Attention all NY-based Reverse Shotters. (Which I think is most of you). Your Toronto-based correspondent has seen a Great Canadian Film, and it’s not directed by David Cronenberg. It is, however, a history of violence, and it is coming to your beautiful Museum of Modern Art next week. On Wednesday, March 15, at 9:00; Thursday, March 16, at 6:00, to be precise.
It’s called Six Figures, and it’s directed by a Calgary-based filmmaker named David Christensen. It premiered at the Toronto International Film Festival last year, and it was one of the only Canadian films I didn’t see there– I caught it at a press screening on Monday, much to my delight.
At the time, I was depressed about missing a simultaneous showing of V for Vendetta. Why, I wondered, was I left to mop up the leftover Can-con while my friends and peers got to thrill to some comic-book allegory featuring a bald Natalie Portman? And then I saw V for Vendetta later that day. It is not a good movie at all. Six Figures, on the other hand…well, I can’t imagine I’ll see 10 better movies this year (well, 9 plus Snakes on a Plane.)
Six Figures is about a couple who want to buy a house in Calgary. I know, your pulses are racing. But it’s evident from the first frame that Christensen, a former critic and documentarian, has his stuff together. His style, which favors long takes and subtly impassive compositions weighted with fully justified portent, is more than a little reminiscent of Michael Haneke (a stated influence), as is the film’s centerpiece sequence, a perfectly staged moment of shocking (not graphic) brutality that left my un-jangle-able nerves severely jangled. How Six Figures develops from a film about househunting to an exploration of the subtly attenuated fallout of an attempted homicide is for you to discover. I’m gonna guess you’re intrigued, so get to it, and we’ll all talk about it afterwards.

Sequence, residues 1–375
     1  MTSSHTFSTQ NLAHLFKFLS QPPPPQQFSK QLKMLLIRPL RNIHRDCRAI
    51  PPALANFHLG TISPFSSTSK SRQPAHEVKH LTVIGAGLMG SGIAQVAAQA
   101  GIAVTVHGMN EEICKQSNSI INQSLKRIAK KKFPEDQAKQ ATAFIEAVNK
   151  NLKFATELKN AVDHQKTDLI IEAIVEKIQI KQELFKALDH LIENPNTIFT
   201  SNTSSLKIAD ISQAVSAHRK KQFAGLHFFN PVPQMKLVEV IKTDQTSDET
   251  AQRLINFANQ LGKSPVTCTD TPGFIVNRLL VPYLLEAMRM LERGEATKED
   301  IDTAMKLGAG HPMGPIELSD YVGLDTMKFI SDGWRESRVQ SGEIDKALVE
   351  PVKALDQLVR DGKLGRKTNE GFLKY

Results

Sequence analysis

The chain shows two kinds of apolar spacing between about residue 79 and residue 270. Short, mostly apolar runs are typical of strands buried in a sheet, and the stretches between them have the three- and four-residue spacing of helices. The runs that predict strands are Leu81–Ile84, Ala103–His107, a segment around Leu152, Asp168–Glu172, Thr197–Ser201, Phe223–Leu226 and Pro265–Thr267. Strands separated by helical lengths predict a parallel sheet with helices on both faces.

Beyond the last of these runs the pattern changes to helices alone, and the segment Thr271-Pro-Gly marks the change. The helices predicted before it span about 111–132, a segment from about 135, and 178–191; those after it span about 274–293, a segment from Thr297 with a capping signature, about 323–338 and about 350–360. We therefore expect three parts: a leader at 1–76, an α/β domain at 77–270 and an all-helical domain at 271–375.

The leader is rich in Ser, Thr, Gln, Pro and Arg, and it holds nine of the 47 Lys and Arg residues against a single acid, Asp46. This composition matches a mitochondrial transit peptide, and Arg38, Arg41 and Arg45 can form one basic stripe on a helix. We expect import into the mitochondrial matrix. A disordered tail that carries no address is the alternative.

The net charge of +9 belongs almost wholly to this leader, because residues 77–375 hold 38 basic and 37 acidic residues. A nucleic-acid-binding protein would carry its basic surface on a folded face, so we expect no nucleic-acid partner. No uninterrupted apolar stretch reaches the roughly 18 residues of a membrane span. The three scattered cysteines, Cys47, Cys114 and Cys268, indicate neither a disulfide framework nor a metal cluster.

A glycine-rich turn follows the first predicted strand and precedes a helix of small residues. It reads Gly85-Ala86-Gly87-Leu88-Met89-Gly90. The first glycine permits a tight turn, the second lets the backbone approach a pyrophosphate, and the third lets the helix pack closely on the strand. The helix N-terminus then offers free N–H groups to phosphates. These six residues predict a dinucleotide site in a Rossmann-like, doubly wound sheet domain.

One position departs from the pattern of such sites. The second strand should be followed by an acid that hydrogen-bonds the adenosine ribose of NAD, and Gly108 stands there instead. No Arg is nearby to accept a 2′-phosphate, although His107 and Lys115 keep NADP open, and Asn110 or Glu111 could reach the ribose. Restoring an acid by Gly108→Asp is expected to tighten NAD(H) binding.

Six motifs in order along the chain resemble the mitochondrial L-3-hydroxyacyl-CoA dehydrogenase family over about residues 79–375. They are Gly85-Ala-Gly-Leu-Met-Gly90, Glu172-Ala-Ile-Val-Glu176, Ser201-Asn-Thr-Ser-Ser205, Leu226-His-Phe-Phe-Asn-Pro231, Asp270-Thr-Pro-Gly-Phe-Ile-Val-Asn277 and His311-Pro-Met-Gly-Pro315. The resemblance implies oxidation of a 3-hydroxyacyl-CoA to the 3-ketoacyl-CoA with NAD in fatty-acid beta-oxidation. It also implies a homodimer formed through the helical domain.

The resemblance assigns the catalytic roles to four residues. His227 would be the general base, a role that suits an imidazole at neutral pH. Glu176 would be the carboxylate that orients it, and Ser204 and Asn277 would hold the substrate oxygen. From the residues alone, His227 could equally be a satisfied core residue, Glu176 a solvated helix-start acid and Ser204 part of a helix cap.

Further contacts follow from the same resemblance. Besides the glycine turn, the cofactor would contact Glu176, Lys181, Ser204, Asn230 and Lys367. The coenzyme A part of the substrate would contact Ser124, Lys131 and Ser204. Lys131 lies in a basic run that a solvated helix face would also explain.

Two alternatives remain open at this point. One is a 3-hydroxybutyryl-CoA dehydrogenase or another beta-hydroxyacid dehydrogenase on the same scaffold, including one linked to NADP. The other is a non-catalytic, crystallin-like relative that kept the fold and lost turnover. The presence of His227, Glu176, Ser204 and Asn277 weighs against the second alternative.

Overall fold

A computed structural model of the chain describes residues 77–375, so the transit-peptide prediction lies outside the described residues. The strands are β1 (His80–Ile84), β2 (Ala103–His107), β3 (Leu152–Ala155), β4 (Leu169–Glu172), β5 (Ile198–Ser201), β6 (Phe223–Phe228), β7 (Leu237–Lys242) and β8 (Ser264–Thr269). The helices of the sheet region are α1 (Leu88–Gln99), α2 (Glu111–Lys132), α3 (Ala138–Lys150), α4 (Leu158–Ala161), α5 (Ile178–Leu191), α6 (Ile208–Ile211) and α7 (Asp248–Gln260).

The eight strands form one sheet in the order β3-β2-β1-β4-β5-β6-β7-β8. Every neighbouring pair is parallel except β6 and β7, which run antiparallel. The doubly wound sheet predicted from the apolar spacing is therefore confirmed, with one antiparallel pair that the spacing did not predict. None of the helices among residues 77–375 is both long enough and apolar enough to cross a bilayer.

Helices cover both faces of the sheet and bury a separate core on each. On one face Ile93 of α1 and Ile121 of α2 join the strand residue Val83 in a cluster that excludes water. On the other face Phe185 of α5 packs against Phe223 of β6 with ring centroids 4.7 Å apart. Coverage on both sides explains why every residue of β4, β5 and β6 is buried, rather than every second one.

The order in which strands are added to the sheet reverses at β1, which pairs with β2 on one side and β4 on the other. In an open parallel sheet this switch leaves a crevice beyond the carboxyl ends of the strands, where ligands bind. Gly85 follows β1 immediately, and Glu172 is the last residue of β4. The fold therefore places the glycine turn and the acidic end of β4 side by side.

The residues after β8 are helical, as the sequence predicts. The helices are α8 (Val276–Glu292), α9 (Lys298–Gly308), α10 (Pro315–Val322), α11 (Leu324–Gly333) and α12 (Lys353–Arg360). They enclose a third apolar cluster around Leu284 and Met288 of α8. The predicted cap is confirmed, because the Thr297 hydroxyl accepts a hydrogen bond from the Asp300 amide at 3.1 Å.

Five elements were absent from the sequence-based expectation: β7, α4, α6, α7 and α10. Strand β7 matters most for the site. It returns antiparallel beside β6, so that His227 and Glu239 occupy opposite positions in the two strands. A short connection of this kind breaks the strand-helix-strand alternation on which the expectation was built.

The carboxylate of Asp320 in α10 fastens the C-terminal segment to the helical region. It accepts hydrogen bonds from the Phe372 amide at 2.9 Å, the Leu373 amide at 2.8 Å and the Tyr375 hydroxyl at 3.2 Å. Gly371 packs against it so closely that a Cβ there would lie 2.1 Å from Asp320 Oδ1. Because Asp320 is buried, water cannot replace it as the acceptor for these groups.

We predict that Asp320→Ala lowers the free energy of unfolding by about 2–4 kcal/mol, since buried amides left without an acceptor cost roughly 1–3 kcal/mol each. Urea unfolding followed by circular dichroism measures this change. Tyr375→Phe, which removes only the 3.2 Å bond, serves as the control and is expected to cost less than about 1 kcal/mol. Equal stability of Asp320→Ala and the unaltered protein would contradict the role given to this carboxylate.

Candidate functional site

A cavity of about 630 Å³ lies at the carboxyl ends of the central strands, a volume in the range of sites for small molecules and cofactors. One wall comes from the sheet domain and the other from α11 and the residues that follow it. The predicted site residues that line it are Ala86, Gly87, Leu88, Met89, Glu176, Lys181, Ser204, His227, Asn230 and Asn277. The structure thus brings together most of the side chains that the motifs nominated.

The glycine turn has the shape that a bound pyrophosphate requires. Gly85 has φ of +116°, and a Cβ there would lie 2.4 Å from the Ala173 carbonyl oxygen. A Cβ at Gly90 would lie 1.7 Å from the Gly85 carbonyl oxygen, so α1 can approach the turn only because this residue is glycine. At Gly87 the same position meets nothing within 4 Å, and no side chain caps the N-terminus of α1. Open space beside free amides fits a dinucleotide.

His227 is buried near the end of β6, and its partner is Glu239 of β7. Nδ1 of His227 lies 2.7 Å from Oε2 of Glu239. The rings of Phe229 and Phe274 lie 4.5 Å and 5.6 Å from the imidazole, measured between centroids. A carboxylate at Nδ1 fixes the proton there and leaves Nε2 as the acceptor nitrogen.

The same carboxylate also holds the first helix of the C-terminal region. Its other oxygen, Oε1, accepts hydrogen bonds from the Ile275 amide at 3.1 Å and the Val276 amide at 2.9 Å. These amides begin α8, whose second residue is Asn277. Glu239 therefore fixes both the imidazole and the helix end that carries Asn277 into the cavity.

And while you’re at it, you might as well see the other Canadian masterpiece from last year: Allan King’s documentary Memory: For Max, Ida, Claire and Company ( Friday, March 17, 8:30; Saturday, March 18, 1:00.) King is a contemporary of Fred Wiseman, and one of the true pioneers of direct cinema. Memory is about a group of Alzheimer’s patients at the Baycrest Centre in Toronto, and it’s bracing, aching, lovely and human.
Neither film got a sniff at the Genie Awards this week (our Oscars), but we’re a bunch of Conservative-voting hockeyists. What do we know?